THE FREEDOM OF CHRIST

For a long time, I didn’t quite understand the idea of freedom in Christ. After all, if we’re Christians, aren’t we supposed to be restrained from doing certain things because what it means to be a Christian is quite specific? 

Speaking about the “freedom” for which “Christ has set us free,” Paul writes in Galatians, “For in Christ Jesus neither circumcision nor uncircumcision counts for anything; the only thing that counts is faith working through love” (Galatians 5:1,6). 

Circumcision is a a topic in several of Paul’s letters. The Jewish Christian crowd was using it as a sign of faithfulness. Paul rebukes that idea in Romans 3:29-30 — “Or is God the God of Jews only? Is he not the God of the Gentiles also? Yes, of Gentiles also, since God is one; and he will justify the circumcised on the ground of faith and the uncircumcised through that same faith.” Here in Galatians, Paul argues, in Christ neither being circumcised nor uncircumcision means anything. The only thing that counts, he says, is faith working through love.

Being a Christian, he argues to the Galatians, is not about doing certain things or acting a certain way. It’s about faith. The Greek for working is energeó, and properly means, according to HELPS Word-studies, “working in a solution which brings it from one stage (point) to the next.” Love, Paul argues, is energizing faith. Love brings faith from one point to the next. 

Whether that’s love of God or love of others, Paul does not specify in Galatians. But as Jesus says, the two greatest commands are to “love the Lord your God with all your heart, and with all your soul, and with all your mind” and “love your neighbor as yourself” (Matthew 22:37,39). The Greek root for “love” in those verses and Galatians 5:6 is the same — agapaó, “to love.”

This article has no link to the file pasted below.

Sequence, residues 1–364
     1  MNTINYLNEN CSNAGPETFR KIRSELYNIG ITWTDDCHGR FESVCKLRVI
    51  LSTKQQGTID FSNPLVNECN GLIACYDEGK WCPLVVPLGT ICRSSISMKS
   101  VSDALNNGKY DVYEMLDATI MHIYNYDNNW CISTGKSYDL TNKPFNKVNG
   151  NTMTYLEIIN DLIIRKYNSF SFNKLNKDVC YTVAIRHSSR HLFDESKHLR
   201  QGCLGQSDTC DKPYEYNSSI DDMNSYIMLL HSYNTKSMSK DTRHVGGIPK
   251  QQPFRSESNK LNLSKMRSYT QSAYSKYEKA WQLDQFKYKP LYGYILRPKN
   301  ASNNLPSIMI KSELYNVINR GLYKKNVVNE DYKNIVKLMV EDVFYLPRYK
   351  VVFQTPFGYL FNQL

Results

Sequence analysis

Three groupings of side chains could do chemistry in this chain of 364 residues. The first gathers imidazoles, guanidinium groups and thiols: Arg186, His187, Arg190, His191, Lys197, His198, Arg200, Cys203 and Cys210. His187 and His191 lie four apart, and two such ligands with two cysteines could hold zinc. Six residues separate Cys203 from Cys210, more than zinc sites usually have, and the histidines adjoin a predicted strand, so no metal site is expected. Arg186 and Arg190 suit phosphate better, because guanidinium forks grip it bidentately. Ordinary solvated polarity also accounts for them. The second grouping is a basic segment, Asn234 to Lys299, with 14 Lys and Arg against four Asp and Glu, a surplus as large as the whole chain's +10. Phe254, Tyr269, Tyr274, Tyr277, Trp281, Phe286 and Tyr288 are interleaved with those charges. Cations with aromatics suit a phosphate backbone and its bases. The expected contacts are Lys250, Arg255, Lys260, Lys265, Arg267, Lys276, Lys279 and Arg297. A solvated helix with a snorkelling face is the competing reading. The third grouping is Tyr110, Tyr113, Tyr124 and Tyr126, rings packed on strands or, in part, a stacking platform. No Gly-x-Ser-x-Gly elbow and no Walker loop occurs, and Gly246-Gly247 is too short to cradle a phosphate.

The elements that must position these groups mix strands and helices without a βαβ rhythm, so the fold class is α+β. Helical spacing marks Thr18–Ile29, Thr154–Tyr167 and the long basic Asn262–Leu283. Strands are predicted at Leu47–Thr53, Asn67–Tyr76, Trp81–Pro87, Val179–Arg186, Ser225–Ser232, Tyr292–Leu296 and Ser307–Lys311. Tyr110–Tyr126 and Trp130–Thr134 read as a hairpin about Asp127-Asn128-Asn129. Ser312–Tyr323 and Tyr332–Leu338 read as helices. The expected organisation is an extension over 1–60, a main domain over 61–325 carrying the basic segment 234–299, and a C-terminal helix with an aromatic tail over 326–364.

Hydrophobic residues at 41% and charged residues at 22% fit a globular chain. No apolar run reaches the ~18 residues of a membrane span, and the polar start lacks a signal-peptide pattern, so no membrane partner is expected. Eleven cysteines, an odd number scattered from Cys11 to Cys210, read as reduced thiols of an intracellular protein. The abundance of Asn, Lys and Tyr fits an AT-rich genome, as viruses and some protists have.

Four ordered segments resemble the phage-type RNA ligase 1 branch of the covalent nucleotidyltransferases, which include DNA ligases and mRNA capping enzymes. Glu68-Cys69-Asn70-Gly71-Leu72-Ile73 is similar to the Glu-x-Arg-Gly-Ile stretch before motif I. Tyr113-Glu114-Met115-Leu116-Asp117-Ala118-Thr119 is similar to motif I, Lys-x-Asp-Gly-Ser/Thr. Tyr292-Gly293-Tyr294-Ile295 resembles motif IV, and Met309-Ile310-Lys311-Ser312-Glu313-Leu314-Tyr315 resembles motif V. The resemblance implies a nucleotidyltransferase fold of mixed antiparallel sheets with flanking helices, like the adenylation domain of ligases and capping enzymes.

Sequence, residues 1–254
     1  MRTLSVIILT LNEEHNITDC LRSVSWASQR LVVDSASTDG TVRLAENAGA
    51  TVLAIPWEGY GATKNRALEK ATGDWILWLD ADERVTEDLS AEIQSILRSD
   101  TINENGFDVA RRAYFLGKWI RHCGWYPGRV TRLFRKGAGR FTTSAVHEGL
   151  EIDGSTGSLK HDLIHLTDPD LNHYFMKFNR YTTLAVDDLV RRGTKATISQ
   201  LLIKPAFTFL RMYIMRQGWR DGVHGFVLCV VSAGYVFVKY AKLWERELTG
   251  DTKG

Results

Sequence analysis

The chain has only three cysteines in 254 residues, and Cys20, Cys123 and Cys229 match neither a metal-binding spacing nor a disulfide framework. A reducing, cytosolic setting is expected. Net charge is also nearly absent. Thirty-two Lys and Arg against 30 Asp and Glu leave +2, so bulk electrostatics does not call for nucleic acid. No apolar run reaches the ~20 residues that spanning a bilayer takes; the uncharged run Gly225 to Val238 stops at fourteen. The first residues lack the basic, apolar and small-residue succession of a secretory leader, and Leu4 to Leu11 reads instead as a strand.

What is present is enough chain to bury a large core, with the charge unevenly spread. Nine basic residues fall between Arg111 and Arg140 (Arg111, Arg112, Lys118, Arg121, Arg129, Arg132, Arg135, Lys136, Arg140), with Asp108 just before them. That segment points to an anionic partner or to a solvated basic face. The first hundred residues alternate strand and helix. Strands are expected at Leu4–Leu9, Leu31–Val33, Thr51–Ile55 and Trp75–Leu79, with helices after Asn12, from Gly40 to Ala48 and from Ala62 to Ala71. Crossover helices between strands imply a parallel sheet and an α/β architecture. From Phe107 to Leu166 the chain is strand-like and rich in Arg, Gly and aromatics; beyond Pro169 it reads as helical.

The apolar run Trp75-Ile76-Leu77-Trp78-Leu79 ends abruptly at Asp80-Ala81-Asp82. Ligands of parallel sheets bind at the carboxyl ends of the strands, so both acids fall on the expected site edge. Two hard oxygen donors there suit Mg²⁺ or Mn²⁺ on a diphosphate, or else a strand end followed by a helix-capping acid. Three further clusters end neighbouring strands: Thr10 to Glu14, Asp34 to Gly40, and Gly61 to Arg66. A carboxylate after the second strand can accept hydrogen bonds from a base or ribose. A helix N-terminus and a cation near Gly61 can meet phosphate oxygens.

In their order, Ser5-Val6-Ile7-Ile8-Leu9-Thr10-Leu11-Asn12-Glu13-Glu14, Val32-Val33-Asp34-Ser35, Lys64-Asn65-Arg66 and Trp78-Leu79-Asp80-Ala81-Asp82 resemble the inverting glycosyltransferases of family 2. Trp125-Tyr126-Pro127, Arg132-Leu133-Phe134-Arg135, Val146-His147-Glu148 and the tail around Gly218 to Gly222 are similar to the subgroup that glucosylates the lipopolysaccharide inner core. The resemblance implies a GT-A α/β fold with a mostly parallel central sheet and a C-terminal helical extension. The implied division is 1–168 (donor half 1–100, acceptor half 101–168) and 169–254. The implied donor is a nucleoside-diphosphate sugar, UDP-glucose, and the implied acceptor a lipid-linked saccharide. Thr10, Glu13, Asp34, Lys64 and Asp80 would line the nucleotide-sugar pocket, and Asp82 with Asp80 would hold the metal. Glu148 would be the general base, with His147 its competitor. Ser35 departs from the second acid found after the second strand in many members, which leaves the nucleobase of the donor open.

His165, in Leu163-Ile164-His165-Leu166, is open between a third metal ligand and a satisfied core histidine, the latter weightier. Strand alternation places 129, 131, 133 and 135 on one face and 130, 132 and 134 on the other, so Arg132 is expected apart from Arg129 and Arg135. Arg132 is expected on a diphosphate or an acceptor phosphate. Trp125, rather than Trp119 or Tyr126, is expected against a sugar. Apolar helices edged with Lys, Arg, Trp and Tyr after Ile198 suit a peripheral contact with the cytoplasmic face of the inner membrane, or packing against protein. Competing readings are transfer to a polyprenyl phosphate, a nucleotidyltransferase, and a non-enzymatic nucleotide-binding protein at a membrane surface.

I think this gives us a snapshot of a framework by which we can look at the Bible and look at life. Faith, being increased and improved by love, is the guiding light. From there, we can determine what it means for us to be a Christian. Of course, we should take into account loving God and loving others; this is not a free-for-all where we define it for ourselves. The Bible shows us helpful wisdom and guidance. 

But trying to define what a Christian should act like on our own terms, without taking into account love and true wisdom, is a dangerous mission. I think it’s a lot more gray than we’d like it to be. 

That means this, even as I write this to you, is an exercise for me. I have to give you space to live the Christian life you choose just as I ask you to give me space for me. They may be different – heck, in some ways, they may be completely contradictory. But as long as it’s not sinful — the Bible and the Holy Spirit can help us understand that — it’s usually A-OK.

DOES CLARITY EXIST?

So here’s the real question: does true and clear and black-and-white clarity exist? No.  And yes.

There are some things that seem to be pretty clear. Gravity. Man as sinful — theologian Reinhold Neibuhr (the same guy that composed the “Serenity Prayer”) wrote that the doctrine of original sin was “the only empirically verifiable doctrine of the Christian faith.” Salvation by grace through faith.

But there are a lot of things that aren’t clear. It’s dangerous, therefore, for us to paint with a broad brush, especially when we jump into conversations with other Christians. Cussing isn’t universally accepted as sinful. Voting for a Democrat who supports abortion rights isn’t universally accepted as sinful. Supporting the maintenance of Confederate monuments isn’t universally accepted as sinful.